Prime Minister Narendra Modi and President Xi Jinping will take on the task of rebooting India-China relations during their informal summit in Wuhan, reflecting a remarkable turnaround since the military standoff at Doklam nearly eight months ago.
Modi brings a sense of guarded optimism to Wuhan about the future of bilateral ties. To be fair, diplomats from both sides have insisted that the two-day summit is informal in nature, which means there could be little in terms of concrete takeaways at the end of it.
Though there is no structured agenda for the meetings on Friday and Saturday, the two leaders are expected to talk freely — and “heart-to-heart”— on issues tied to their national interests.
As he set off for China, Modi indicated in a series of tweets the focus would be on the “strategic and long-term perspective” of bilateral relations. He said he would exchange views with Xi on a range of bilateral and global issues.
“We will discuss our respective visions and priorities for national development, particularly in the context of current and future international situation,” he added.
Much of the talk in the run-up to the summit from both sides has focused on convergences, rather than the differences — including the border dispute, China’s blocking of India’s bid to join the Nuclear Suppliers Group and the listing of Pakistan-based terrorists at the UN — that took the relationship to a new low.
“Our common interests far outweigh our divergences,” Chinese foreign ministry spokesman Lu Kang said. Vice foreign minister Kong Xuanyou said the two leaders will have “heart-to-heart discussions on overarching issues and try to build mutual trust and consensus to resolve outstanding differences”.
The People’s Liberation Army said the summit would stabilise ties between the two militaries and help maintain peace at the borders.
“Although the relations between the two militaries still face some difficulties and obstacles, we are willing to use the important consensus of the leaders of the two countries as guidance to deepen our understanding, enhance mutual trust, properly settle differences, and continue to accumulate the positive energy of the healthy and stable development of the relations between the two armed forces,” military spokesman Col Wu Qian said.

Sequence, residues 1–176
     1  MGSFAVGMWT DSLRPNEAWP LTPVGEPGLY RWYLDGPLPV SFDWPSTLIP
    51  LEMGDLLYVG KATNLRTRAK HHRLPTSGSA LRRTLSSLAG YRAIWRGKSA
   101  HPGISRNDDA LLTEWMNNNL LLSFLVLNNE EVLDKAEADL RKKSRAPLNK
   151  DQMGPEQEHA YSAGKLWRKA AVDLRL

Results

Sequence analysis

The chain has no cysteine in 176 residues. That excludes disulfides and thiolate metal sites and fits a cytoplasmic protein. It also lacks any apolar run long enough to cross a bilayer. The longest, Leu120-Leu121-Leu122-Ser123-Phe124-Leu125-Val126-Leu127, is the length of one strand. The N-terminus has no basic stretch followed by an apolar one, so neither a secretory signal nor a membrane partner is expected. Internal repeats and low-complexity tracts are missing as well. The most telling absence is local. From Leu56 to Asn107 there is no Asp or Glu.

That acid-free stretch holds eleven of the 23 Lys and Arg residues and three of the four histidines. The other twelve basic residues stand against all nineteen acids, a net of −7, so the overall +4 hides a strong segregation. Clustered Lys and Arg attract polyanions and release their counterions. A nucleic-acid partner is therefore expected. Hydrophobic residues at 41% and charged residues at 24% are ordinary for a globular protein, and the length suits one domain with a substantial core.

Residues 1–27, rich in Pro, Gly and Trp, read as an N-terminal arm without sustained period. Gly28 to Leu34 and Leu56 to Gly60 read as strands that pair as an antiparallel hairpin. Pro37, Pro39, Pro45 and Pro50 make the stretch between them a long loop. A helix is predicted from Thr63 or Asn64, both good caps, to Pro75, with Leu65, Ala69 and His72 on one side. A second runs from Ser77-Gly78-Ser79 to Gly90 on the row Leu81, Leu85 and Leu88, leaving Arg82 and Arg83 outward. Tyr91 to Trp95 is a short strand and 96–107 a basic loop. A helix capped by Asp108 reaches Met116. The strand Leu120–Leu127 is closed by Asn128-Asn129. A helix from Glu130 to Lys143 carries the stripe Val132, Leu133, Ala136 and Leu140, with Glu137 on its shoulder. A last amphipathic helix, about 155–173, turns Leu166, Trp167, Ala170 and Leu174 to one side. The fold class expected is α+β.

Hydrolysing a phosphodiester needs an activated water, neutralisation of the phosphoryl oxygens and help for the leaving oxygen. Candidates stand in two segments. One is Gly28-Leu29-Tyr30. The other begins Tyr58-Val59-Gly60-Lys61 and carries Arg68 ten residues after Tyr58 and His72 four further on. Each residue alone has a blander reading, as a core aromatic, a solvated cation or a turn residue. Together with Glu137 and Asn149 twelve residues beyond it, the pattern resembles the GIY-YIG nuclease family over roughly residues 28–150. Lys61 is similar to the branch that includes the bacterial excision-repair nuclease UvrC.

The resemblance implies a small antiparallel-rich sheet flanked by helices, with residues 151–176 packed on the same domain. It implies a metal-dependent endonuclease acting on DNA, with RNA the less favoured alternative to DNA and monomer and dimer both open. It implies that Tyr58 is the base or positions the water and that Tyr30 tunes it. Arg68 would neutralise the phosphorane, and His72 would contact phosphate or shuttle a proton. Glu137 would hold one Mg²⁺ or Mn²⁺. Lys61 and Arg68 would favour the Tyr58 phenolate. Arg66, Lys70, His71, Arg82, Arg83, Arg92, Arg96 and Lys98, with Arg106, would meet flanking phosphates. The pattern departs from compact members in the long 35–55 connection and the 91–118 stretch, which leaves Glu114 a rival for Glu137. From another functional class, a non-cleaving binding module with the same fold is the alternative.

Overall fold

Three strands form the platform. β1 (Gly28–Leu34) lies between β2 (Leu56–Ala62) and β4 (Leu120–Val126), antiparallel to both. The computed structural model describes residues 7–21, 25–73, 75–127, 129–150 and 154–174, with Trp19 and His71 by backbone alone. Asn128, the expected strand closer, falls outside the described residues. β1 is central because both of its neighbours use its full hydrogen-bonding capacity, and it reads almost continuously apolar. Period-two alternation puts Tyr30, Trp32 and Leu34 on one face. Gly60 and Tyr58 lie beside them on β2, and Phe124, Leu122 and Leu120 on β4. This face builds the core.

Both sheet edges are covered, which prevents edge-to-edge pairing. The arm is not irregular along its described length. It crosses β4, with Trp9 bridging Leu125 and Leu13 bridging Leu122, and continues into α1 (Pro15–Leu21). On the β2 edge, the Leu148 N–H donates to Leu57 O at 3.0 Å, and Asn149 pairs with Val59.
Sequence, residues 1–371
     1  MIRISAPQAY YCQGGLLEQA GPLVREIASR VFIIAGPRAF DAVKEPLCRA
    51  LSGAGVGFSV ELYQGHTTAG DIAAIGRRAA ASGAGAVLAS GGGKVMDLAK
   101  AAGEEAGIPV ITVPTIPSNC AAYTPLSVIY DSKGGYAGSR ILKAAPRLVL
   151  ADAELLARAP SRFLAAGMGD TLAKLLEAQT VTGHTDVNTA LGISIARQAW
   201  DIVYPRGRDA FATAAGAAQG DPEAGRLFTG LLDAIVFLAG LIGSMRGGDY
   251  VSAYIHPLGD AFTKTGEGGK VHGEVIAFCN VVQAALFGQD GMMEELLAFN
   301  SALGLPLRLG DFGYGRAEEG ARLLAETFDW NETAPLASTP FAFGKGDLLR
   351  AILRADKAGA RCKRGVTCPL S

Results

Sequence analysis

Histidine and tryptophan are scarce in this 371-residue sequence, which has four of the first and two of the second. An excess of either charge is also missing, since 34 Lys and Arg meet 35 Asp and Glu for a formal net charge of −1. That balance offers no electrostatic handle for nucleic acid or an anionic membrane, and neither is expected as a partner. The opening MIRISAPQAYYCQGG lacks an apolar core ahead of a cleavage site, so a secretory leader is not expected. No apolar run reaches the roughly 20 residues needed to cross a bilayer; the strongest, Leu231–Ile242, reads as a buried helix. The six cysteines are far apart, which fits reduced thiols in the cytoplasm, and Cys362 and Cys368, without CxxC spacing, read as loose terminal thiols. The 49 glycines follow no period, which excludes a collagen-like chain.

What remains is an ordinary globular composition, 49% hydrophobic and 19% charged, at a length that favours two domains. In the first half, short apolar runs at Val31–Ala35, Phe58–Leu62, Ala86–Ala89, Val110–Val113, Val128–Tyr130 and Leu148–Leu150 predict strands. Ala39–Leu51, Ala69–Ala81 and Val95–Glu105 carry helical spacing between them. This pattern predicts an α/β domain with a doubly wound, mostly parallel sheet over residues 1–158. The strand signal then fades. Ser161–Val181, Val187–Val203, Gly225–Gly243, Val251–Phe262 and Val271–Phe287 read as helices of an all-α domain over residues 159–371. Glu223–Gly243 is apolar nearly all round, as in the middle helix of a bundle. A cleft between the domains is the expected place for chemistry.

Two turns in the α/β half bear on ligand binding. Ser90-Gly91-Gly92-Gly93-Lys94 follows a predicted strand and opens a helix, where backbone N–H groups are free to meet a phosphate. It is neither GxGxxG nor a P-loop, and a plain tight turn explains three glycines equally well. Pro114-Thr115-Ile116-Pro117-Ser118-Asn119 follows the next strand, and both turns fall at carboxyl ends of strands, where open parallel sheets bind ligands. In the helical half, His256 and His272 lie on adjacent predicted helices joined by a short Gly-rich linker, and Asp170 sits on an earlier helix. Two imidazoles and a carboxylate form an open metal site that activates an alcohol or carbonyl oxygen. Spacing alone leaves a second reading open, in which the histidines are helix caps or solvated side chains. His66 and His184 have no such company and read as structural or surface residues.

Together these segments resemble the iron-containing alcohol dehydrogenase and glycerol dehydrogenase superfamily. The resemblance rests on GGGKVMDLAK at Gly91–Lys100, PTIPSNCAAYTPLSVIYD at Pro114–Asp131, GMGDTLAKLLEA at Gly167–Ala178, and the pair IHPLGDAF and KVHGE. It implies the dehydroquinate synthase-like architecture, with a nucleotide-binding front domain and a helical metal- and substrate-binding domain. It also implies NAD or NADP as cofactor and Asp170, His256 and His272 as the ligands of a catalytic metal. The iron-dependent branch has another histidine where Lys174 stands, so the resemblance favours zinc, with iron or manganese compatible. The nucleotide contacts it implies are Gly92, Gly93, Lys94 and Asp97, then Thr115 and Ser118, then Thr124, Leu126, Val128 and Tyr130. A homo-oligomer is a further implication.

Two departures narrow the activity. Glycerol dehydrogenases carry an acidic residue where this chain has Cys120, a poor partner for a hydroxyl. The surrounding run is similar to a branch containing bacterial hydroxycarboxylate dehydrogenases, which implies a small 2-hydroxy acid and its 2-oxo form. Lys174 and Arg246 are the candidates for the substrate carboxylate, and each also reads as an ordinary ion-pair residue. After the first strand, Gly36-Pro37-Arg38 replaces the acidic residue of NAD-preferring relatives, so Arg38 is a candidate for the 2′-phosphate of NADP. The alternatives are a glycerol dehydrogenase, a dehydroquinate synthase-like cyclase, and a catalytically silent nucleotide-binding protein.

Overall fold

The summit also comes at a crucial time for both leaders. China is dealing with US protectionism and threats of tariffs on its products, which have led to fears of a trade war, while Modi is focused on steady economic growth ahead of a general election next year.
Tied to the national interests of the countries are the two leaders’ plans for “national rejuvenation” and factors that are slowing such plans.
The 5th Sino-Indian Strategic and Economic Dialogue (SED) recently held in Beijing discussed cooperation in infrastructure, and Modi will have the opportunity to share his plans to improve India’s infrastructure and where China, with its vast experience in the sector, could come in.
The core message from the SED was that India and China “must focus incessantly and unremittingly on the development cooperation possibilities despite differences”.
Xi could use the summit to convince Modi about his legacy project, the Belt and Road Initiative (BRI).
“Some countries have signed onto the effort (BRI) but have yet to receive any tangible benefits. Others have not endorsed the Belt and Road but have done business deals that would otherwise fall under the Belt and Road’s broad and ever-expanding banner of activities,” said Jonathan Hillman, director of the Reconnecting Asia Project at the Washington-based Center for Strategic and International Studies.
“India is a good example. It has been critical of the Belt and Road because it passes through Pakistan-occupied Kashmir and includes investments in ports and other projects that could have strategic value,” he said.
Hillman said formal membership in BRI isn’t a prerequisite for doing related business with China. “I don’t think India will endorse the BRI soon. But it shouldn’t stop trying to expand other economic ties with China,” he added.
The two countries also have deep differences.
The standoff at Doklam — claimed by Bhutan but under China’s control — was preceded by the Dalai Lama’s visit to Arunachal Pradesh, India boycotting the high-profile Belt and Road Forum in Beijing, the impasse over India’s inclusion in the NSG and China backing Pakistan by blocking terror suspect Masood Azhar’s proscription at the UN.
But the fact that the two leaders agreed to hold a summit of this nature reflects that they are looking towards a broad consensus on which to take forward the relationship.